During testing, a sub, constructed in accordance with the embodiment of the invention that is shown in FIG. 3 for a drillpipe having a diameter of 70 mm (2.75″), withstood a differential pressure of 517 kPa (750 psi). This equates to an axial load of 20,016N (4,500 lbs).

A fluid flow restricting device, constructed in accordance with the embodiment of the invention that is shown in FIG. 3 for a drillpipe having a diameter of 108 mm (4.25″), withstood a differential pressure of 1724 kPa (250 psi). This equates to an axial load of 13,344N (3,000 lbs).

It is possible within the scope of the invention to construct a drillpipe sub that is in essence a mirror image of the FIG. 3 embodiment. Such a sub is pumpable in the uphole direction along a drillpipe.

When the sub 30 is used in a tapered drillpipe, one or more further pairs of opposed, frustoconical members may be mounted on the shaft 32 having bases of varying diameters.

As the sub enters successively narrower drillpipe stands the trailing (second) frustoconical member 36 of one or more of the pairs moves away from its associated leading (first) frustoconical member 34, to allow the bases of the frustoconical members to accommodate the drillpipe diameter changes.

While the sub 30 shown in FIG. 3 forms part of an hydraulic actuator, the sub 30 may be used in many other drillpipe sub applications.

In other embodiments of the invention, the first and second frustoconical members 34,36 may be formed integrally with one another. One such sub 50 is shown in FIGS. 4 and 5.

The sub 50 includes a series of recesses 52 formed in the first and second frustoconical members 34,36. The recesses 52 are equidistantly spaced around the circumference of the frustoconical members 34,36 separating adjacent sections 54 of the members 34,36.

When the drillpipe sub 50 moves through a tapered drillpipe, the recesses 52 allow adjacent sections 54 of the frustoconical members 34,36 to fold over each other as the diameter of the drillpipe diameter decreases (FIG. 5). This allows the first and second frustoconical members 34,36 to contract at their bases 38,40.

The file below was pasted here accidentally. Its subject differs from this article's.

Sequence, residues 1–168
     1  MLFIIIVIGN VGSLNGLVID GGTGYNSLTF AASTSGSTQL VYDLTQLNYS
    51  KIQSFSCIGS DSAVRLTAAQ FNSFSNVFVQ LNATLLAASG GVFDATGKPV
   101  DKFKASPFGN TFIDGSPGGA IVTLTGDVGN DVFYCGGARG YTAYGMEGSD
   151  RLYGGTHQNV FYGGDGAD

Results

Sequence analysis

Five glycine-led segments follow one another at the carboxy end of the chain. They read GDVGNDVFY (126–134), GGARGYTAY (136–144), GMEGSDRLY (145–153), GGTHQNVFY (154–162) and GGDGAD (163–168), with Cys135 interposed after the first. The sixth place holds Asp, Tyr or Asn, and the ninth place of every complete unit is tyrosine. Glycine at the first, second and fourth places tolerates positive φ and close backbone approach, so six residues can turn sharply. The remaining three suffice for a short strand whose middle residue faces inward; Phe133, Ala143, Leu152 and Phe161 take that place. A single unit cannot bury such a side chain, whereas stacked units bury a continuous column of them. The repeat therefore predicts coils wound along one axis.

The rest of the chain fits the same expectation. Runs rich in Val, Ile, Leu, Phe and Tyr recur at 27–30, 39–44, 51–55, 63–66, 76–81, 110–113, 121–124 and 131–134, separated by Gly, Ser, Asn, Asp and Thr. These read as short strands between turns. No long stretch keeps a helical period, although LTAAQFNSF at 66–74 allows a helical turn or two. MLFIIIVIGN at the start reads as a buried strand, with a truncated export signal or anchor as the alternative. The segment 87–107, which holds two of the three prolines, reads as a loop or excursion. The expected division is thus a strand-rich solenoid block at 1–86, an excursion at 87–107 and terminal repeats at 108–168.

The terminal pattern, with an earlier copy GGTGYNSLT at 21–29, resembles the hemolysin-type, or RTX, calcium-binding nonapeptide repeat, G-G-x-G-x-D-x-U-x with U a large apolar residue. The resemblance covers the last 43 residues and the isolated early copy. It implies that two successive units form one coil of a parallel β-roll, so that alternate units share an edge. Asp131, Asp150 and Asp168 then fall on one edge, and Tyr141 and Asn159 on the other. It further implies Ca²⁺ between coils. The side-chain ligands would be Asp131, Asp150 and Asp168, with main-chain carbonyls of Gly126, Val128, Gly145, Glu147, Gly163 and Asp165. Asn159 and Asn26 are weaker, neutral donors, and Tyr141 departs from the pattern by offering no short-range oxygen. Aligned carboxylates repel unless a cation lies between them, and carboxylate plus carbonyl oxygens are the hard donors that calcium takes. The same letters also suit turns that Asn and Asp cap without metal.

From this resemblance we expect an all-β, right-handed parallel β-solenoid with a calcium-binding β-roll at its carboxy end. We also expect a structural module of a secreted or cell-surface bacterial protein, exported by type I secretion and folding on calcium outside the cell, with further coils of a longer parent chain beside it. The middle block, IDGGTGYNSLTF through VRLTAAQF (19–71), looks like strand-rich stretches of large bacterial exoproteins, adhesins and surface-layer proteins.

The resilient nature of the material from which the first and second frustoconical members 34,36 are manufactured means that on movement of the sub 50 from a narrow to a wider drillpipe stand, the frustoconical members 34,36 dilate at their bases 38,40.

The ability of the sub 50 to contract and dilate in a manner similar to that of an iris diaphragm significantly reduces frictional forces that may arise between the frustoconical members 34,36 and the inner surface of a tapered drillpipe as the diameter of the drillpipe decreases.

The invention also embraces within its scope an arrangement similar to those shown in FIG. 3, FIG. 6 or in FIGS. 4 and 5, but omitting the shaft 32. Such an assembly constitutes a module that is securable to a sub body member for the purpose of converting the body member to the configuration exemplified by eg. FIG. 3 or FIG. 6.

Although the above-described embodiments of the invention include frustoconical members that, when assembled onto the shaft 32, taper in opposite directions, in other embodiments of the invention the respective frustoconical members could be inserted one into the other so that they taper in the same direction.

Furthermore the connection between the bases 38, 40 may include one or more intermediate members such as a bellows or a rigid or flexible annulus.

Features of the sub of the invention illustrated herein in connection with one embodiment may if desired be included in others of the embodiments. Thus for example the apertures 56 and recesses 52 may be present in any of the embodiments; and the sleeve 44 of FIG. 6 may if desired be as shown in FIG. 5 to give rise to a hybrid embodiment.

Also the components of the invention may be manufactured from a range of materials.

For example the shafts 32, 32 a and 32 b may be made from any of a range of metals or other rigid materials such as plastics or composite materials.

The frustoconical members are manufacturable from a variety of resiliently deformable materials such as but not limited to rubberised materials. Such materials may include reinforcing elements as desired.

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Referenced by
Citing PatentFiling datePublication dateApplicantTitle
US7661475May 24, 2007Feb 16, 2010Schlumberger Technology CorporationDrill pipe conveyance system for slim logging tool
US7874359Feb 9, 2009Jan 25, 2011Schlumberger Technology CorporationMethods of retrieving data from a pipe conveyed well logging assembly
US7896074Feb 9, 2009Mar 1, 2011Schlumberger Technology CorporationCarrier assembly for a pipe conveyed well logging assembly
US7905282Feb 9, 2009Mar 15, 2011Schlumberger Technology CorporationLatchable carrier assembly for pipe conveyed well logging
Classifications
U.S. Classification166/153, 166/192
International ClassificationE21B23/10, E21B33/12
Cooperative ClassificationE21B23/10, E21B33/1208
European ClassificationE21B33/12F, E21B23/10
Legal Events
DateCodeEventDescription
Sep 16, 2002ASAssignment
Jun 13, 2008FPAYFee payment
Year of fee payment: 4
May 30, 2012FPAYFee payment
Year of fee payment: 8